Rabbi Sessler D’var Torah

Everybody Counts

When I was in kindergarten, the teacher spoke to us on Yom Hashoah about the holocaust. How do you explain the systematic dehumanization that took place in Nazi occupied Europe to a group of young children? My kindergarten teacher told us during circle time, ”The Nazis ordered people: Forget your name!”

I found this to be a very curious statement as a child. It stayed with me. Today I understand the wisdom of my teacher’s words. In Judaism, we do not count souls. When we check to ascertain whether we have the minimum ten men required for a Torah service, we use various verses or blessings that amount to ten words, in order to avoid counting people numerically. This is because our tradition is sensitized to the uniqueness and intrinsic worth of every soul created in the Divine image.

In the Nazi death camps, people were not called out by their names, but by the serial number which was tattooed on their arms. In the eyes of the perpetrators, they were no longer a name, a distinct essence, a human being. They were just a number. As my kindergarten teacher taught me decades ago, the inmates in the death camps were told to forget their name, in Hebrew: to forget their “Hashem” – to forget G-d, which implies to forget and abandon all that is lofty and worthy in the human spirit. To be deprived of your name is to be deprived of your irreducible uniqueness.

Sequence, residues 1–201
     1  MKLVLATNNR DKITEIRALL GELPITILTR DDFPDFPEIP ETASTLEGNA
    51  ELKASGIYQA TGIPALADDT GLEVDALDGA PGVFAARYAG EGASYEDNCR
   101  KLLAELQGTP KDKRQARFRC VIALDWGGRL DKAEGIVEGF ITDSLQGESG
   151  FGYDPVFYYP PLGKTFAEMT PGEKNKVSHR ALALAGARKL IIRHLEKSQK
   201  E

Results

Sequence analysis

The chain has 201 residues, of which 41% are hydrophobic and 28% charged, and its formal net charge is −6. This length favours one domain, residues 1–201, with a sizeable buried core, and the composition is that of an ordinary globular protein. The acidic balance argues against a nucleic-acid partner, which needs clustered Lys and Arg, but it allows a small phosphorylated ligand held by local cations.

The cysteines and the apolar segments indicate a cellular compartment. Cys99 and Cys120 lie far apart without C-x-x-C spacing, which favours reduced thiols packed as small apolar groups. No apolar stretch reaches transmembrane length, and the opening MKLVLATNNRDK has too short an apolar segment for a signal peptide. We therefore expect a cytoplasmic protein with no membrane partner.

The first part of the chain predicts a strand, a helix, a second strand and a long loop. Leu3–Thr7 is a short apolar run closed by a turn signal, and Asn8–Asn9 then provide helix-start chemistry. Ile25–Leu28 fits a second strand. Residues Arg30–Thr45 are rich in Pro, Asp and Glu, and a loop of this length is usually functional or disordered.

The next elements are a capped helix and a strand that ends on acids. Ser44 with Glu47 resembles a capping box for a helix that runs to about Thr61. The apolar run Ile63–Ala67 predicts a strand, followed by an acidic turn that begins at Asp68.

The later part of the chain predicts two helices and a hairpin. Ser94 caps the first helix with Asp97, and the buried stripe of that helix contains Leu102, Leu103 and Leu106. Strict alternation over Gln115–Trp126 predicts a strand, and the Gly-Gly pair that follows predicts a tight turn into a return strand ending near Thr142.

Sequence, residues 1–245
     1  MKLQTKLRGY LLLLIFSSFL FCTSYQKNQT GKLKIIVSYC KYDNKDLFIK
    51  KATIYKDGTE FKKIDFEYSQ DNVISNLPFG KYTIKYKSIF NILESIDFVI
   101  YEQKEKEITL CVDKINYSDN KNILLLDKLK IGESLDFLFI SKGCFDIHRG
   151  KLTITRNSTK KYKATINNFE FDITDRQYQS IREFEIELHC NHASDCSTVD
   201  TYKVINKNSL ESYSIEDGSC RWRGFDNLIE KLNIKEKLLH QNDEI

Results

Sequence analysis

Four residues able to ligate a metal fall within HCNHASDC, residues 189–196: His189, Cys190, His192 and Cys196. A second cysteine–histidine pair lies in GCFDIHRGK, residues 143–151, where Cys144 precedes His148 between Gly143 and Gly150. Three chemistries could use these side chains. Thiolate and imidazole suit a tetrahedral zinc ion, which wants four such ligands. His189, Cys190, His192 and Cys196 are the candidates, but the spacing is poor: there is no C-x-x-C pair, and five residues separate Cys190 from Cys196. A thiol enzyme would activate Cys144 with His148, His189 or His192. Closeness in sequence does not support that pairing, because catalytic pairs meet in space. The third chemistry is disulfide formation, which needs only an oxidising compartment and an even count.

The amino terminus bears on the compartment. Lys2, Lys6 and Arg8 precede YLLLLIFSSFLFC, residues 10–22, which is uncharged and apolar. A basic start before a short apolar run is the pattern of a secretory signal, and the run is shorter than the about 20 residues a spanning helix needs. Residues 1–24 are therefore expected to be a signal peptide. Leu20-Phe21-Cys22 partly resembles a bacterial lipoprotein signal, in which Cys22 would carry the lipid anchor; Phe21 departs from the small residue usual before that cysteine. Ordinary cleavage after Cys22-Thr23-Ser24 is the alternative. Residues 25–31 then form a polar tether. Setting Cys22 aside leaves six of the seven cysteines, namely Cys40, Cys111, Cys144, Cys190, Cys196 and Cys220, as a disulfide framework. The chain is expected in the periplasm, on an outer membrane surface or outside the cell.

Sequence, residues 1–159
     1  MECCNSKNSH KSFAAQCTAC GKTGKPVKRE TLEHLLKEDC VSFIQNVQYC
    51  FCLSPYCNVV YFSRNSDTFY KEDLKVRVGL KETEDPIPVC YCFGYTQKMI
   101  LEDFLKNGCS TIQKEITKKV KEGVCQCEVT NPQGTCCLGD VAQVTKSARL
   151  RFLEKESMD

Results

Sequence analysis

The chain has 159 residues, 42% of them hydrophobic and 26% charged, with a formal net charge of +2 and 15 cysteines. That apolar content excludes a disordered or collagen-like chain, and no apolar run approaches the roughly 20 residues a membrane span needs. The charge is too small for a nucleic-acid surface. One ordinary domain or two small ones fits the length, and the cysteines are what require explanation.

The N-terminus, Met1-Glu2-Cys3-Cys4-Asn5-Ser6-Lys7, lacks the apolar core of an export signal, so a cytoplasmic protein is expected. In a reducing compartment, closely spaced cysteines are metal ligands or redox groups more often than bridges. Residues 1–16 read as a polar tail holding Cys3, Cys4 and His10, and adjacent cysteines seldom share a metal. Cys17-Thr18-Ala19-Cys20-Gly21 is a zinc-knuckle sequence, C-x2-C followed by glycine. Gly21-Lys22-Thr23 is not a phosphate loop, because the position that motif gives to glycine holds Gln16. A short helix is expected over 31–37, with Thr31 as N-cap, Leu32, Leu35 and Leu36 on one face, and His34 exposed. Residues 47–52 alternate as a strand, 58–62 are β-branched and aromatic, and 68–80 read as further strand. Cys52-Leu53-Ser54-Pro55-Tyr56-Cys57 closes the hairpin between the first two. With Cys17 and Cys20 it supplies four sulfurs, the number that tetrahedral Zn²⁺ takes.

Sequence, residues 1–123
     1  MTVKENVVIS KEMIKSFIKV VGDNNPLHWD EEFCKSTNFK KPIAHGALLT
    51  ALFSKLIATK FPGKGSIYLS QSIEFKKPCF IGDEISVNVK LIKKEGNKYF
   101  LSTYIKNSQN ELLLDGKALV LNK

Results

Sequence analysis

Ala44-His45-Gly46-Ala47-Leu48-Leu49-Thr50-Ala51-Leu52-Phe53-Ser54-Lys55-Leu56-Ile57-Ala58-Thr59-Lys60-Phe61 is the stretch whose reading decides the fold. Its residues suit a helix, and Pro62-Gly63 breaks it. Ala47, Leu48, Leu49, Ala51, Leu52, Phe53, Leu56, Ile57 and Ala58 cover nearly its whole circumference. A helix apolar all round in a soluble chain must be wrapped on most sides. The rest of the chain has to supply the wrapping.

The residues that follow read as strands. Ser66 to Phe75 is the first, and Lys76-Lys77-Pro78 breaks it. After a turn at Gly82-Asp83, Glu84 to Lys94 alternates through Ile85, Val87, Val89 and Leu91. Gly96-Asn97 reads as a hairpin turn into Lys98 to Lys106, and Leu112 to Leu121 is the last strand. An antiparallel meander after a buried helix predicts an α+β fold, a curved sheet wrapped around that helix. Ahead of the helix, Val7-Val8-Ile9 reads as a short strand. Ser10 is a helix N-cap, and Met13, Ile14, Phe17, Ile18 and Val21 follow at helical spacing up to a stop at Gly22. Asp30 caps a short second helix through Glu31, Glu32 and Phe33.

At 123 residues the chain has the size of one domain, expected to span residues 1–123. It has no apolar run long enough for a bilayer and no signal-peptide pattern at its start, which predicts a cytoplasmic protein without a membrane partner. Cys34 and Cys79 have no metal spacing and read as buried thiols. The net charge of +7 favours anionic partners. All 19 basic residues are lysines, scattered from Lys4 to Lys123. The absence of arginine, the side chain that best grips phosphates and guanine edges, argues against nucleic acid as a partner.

That’s why at the beginning of this week’s Torah reading, which records the first census in Jewish history, the Almighty commands Moses to conduct the census by way of asking each soul to donate, to contribute, to give a precise monetary sum (half a shekel). The Torah emphasizes that the poor shall not give less than the prescribed amount (half a shekel), and that the rich may not augment. Rather than counting people numerically, our ancestors counted the contribution that each individual makes.

So next time you see people avoiding counting souls directly for a minyan (prayer service), or for any other reason, remember – there is an immense profundity and sensitivity to this practice. It attests to the dignity of the human, and the eternity of the Divine.

Shabbat Shalom,

Rabbi Sessler

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